Technical Information

FIXING STONE TO FLOORS
 

Solid floor substrates
Generally speaking, the best floor surface to fix stone to is a sand and cement screed. Please check with your builder that the screed is definitely sand and cement and not an anhydrous screed. Anhydrous screeds require special preparation – please contact us for further information.
 

General preparation
If the screed is old or uneven then a certain level of preparation will be needed – please contact us for further information.
 

Underfloor heating
Underfloor heating works very well with stone and is highly recommended to provide that additional level of comfort. Underfloor heating for solid floor substrates comes in two key forms: a heated screed, in which hot water pipes or electrical cables are buried; and under-tile heating, in which an electric mat or loose cables are laid over the top of the screed just under the tiles.
 

If your screed is heated, then you must use a proprietary decoupling membrane between the screed and the stone – heated screeds expand and contract as the screed heats up and cools down and this lateral movement will eventually cause the stone to crack if a decoupling membrane is not used.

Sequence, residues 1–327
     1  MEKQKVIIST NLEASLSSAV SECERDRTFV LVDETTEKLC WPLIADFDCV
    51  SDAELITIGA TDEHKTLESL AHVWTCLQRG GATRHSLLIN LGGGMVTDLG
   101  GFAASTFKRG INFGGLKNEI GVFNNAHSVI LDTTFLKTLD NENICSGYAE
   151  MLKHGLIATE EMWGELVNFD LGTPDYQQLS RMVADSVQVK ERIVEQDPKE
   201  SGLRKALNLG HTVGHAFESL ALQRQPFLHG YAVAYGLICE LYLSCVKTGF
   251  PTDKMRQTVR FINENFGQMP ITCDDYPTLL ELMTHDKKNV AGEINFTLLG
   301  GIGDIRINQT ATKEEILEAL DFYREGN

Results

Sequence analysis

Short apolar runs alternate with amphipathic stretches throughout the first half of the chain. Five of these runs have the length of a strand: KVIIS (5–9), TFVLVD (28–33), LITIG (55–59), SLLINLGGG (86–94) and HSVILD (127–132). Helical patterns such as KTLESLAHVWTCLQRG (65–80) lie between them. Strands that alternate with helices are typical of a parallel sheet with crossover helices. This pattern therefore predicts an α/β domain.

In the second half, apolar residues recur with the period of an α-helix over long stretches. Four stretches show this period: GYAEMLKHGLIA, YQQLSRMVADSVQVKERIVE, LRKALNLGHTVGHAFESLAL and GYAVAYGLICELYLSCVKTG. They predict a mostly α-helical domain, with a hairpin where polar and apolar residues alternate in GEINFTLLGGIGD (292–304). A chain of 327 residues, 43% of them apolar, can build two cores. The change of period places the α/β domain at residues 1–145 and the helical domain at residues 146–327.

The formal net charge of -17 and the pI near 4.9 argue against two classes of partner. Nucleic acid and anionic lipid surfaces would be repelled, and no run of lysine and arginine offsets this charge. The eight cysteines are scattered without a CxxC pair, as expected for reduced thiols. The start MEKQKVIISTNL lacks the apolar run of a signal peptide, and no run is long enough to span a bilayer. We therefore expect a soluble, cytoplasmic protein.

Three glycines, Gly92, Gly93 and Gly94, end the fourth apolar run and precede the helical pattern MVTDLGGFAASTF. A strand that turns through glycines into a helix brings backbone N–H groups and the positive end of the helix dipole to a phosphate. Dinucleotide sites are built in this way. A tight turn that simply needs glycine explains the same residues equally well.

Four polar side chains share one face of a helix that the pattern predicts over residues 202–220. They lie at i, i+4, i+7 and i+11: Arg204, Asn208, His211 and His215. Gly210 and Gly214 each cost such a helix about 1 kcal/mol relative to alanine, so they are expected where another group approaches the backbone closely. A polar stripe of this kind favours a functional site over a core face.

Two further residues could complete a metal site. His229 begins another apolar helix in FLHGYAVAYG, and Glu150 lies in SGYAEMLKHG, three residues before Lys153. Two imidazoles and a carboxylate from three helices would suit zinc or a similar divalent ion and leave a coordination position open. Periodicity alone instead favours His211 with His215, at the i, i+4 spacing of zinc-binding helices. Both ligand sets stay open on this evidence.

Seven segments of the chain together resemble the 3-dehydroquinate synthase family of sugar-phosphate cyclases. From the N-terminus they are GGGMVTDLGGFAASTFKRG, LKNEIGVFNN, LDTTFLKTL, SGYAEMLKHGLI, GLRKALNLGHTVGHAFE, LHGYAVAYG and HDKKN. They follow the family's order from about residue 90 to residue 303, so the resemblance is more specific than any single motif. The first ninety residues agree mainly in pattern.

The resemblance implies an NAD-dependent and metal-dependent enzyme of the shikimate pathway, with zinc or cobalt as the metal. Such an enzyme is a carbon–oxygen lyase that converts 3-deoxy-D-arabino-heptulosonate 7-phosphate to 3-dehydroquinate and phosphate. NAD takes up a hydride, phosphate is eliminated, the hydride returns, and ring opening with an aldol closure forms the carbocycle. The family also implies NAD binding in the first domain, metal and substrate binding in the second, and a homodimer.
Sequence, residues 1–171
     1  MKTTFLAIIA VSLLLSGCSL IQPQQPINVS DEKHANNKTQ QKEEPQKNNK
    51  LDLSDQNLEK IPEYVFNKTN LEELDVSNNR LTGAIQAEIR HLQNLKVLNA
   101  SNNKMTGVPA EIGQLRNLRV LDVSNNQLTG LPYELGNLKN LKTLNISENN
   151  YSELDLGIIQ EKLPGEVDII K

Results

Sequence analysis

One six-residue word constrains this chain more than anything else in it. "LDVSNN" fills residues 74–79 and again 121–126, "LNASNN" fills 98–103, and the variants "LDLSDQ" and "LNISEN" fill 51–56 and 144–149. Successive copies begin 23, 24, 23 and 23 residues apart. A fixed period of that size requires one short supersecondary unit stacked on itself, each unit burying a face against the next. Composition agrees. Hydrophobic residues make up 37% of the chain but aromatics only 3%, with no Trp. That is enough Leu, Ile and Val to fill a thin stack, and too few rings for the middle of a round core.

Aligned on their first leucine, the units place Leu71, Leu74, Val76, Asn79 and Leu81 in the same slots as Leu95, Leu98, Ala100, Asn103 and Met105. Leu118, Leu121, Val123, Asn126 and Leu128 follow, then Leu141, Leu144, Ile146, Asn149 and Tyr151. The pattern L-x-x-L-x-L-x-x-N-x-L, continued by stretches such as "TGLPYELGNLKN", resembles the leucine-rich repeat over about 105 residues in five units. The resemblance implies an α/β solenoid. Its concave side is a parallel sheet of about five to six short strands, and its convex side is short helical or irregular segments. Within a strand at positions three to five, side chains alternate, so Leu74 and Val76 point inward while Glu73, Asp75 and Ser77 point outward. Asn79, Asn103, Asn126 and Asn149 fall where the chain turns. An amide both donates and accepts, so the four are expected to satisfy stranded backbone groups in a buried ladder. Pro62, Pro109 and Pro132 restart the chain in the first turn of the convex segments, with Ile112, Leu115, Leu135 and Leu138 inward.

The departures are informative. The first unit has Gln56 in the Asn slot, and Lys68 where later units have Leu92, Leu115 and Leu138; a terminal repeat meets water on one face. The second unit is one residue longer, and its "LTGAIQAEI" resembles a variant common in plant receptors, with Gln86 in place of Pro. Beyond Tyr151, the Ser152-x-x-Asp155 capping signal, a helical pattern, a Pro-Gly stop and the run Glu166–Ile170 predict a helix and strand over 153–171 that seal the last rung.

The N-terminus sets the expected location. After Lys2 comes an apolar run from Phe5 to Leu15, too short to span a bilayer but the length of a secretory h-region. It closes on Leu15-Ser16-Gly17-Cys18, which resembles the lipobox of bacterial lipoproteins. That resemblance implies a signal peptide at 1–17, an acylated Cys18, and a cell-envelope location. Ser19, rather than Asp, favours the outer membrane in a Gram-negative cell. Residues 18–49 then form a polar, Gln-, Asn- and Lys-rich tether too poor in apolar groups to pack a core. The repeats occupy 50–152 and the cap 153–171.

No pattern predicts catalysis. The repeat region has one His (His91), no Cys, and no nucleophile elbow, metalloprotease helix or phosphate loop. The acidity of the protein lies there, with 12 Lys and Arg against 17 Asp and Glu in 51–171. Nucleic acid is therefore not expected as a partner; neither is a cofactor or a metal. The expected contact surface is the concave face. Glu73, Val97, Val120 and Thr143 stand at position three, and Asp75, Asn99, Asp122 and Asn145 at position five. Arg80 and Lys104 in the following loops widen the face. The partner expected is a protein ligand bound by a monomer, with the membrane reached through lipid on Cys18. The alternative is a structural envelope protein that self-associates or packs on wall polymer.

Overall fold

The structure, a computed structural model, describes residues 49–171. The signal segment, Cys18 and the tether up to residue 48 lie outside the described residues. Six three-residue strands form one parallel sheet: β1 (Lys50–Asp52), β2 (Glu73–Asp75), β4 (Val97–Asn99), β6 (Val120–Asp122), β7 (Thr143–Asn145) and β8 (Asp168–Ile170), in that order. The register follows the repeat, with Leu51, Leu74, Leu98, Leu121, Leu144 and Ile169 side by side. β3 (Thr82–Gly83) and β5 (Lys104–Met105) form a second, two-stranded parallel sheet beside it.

Non solid floor substrates
Stone can be installed to most non solid substrates – but careful preparation is needed. Please contact us for further information.

 

FIXING STONE TO WALLS
 

When fixing stone to walls, it is a good idea to select a thinner stone.  Also a smaller format will be simpler to fit – particularly on uneven walls. Some circumstances may require a mechanical fixing system to be used as well as the normal stone adhesive.


Solid wall substrates
The best solid wall substrate to fix stone to is a sand and cement render. Your builder will be able to confirm what the substrate is. Plastered walls will need scoring and priming before fixing stone.


Non solid wall substrates
The best non solid wall substrate to fix to is a proprietary tile backer board, which is specifically designed to receive tiles. A plasterboard wall may not be strong enough to support the weight of some thicker stones, while plywood can be subject to movement which makes it more challenging to receive stone.


This guidance is provided as an initial indication of factors you need to consider. You should also seek the advice of a professional tiler/installer who can give you advice based on the specific conditions on site. All substrates should be prepared in accordance with the relevant British Standard.